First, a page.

Tuesday, June 10, 2008
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Illinois spring wettest since 1927

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[June 10, 2008]  CHAMPAIGN -- For the fifth time this year, the monthly statewide precipitation has been above average, resulting in the third-wettest January-May since 1895, according to Jim Angel, state climatologist, of the Illinois State Water Survey, a division of the Illinois Department of Natural Resources.

GlassThe statewide May precipitation was 5.8 inches, 1.5 inches above average and the 20th-wettest May on record. Combined with above-average precipitation since the start of 2008, the January-May total is 22.2 inches, which is 7 inches above average. Only 1898 and 1927 were wetter, with 23.1 and 22.4 inches of precipitation, respectively.

In recent times, only 1990 started out the year with comparable precipitation, with 20.4 inches.

Additional rain fell in the first eight days of June, especially in central Illinois. Rainfall totals ranged from 1 to 3 inches in southern Illinois, 3 to 10 inches in central Illinois and 1 to 3 inches in northern Illinois. Newman, in Douglas County, reported 10.32 inches since June 1, the highest in the state. Average June rainfall is around 4 inches in central Illinois, so many stations have already reached or exceeded that threshold.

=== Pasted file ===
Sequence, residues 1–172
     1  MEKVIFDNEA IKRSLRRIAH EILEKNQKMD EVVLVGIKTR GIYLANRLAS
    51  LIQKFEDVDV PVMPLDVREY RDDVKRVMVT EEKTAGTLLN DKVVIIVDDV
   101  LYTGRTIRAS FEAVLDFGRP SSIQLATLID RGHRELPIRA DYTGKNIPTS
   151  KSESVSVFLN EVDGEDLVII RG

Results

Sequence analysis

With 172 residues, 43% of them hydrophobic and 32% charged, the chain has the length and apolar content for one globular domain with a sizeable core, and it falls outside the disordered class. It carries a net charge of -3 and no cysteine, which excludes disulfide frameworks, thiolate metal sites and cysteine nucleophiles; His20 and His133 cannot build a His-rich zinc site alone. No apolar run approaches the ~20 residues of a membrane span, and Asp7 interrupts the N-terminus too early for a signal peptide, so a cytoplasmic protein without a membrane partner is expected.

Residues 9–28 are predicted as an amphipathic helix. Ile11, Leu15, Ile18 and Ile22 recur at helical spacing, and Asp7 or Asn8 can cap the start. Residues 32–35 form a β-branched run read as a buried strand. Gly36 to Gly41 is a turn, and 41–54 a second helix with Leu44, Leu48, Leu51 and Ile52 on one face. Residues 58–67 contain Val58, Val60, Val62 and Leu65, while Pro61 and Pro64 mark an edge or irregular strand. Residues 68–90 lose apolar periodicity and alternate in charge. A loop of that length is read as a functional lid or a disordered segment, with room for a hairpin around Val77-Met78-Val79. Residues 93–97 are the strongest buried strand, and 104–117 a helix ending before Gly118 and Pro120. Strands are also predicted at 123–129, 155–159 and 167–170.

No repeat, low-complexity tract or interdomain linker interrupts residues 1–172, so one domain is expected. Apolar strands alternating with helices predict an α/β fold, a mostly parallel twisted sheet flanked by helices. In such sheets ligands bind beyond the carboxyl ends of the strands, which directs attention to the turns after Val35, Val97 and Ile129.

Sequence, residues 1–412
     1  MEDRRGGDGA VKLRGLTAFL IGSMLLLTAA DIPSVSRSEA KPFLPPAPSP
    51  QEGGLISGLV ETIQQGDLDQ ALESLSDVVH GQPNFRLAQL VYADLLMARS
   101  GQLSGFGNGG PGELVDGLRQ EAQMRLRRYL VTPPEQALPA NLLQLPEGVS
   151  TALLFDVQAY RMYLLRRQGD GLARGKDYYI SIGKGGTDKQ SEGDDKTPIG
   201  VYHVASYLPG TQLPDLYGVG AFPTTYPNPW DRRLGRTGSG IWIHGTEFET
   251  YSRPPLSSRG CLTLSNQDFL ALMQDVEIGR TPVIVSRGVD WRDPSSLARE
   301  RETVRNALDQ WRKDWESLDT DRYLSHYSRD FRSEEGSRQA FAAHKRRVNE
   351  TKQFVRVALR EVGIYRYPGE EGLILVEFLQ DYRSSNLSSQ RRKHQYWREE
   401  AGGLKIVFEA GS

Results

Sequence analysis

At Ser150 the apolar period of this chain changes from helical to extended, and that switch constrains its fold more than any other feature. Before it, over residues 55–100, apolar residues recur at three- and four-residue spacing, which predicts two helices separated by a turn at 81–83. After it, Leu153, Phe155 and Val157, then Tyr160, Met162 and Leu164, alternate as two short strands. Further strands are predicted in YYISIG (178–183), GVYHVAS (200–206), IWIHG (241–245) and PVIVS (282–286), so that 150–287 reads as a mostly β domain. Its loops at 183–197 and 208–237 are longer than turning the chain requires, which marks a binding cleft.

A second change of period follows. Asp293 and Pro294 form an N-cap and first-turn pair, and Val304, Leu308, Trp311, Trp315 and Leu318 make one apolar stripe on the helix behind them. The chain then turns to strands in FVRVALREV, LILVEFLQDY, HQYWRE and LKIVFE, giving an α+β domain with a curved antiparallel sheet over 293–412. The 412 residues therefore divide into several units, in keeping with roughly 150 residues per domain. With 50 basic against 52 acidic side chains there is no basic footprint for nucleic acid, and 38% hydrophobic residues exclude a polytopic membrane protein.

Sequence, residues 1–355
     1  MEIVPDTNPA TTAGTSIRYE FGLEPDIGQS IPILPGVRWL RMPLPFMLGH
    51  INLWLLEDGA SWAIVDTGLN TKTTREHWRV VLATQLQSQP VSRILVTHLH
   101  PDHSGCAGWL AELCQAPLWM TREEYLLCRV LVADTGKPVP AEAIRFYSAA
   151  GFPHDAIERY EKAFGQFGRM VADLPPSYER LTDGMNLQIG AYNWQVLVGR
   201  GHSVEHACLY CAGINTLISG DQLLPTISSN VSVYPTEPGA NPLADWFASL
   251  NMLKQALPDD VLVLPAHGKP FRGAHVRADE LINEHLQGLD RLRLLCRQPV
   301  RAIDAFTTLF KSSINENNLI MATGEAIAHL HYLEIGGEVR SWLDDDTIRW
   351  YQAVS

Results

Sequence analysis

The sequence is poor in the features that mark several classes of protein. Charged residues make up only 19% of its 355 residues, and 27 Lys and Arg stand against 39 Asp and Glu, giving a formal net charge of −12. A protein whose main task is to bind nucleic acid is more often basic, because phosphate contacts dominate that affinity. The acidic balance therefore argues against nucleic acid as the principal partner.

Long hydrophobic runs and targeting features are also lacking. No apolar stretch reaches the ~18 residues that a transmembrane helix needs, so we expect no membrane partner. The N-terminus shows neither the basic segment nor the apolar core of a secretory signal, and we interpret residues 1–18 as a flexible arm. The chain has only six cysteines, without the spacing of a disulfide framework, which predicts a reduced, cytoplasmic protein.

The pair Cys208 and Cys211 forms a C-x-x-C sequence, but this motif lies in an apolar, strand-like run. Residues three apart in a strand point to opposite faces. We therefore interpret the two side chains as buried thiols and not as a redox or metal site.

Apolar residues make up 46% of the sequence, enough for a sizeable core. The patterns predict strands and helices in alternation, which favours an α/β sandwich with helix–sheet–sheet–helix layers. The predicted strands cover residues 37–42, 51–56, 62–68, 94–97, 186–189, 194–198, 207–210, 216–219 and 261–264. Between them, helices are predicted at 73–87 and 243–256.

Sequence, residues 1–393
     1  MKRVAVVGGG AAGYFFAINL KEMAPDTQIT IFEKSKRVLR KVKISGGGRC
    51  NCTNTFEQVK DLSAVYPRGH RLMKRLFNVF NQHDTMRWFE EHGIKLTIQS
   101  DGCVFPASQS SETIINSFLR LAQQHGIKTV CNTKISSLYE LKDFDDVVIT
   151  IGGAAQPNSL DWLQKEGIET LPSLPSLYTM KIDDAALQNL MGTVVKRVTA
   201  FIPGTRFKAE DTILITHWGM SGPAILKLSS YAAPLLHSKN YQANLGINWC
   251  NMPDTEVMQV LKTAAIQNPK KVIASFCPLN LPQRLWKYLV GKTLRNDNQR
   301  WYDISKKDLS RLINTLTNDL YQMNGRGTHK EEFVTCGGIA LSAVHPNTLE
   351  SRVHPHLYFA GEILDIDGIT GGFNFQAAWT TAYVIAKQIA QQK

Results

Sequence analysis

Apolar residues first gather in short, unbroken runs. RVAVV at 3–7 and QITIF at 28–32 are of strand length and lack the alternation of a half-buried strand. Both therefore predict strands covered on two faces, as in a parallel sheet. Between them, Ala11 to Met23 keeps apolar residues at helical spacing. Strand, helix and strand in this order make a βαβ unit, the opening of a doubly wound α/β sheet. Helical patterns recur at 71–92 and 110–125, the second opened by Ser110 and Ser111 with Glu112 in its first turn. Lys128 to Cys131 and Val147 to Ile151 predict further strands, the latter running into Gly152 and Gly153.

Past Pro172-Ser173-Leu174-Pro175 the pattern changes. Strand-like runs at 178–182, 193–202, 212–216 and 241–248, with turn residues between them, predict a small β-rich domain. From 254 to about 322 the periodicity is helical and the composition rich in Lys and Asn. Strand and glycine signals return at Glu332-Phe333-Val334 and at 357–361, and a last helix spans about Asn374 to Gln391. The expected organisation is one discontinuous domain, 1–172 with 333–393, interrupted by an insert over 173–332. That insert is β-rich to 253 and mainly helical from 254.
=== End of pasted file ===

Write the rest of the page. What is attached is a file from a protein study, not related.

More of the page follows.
Not surprisingly, all the heavy rains have led to saturated soils and water standing in many fields. The Illinois State Water Survey sampled soil moisture from 19 sites around the state on June 1 and found that levels in the top 6 inches were between 25 percent and 75 percent above average for this time of year.

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Meanwhile, May statewide temperatures averaged 59 degrees, 4 degrees below average. This continued a pattern of below-average temperatures since February. As a result, this was the 18th-coolest February-May on record at 44 degrees, 3 degrees below average.

The National Weather Service forecast indicates that temperatures are expected to be above average across Illinois for the next 10 days, while precipitation is expected to remain above average across central and northern Illinois and near normal in southern Illinois.

"Many areas will likely continue to struggle with too much water in rivers and streams as well as in the fields," concludes Angel.

[Text from file received from the Illinois State Water Survey]

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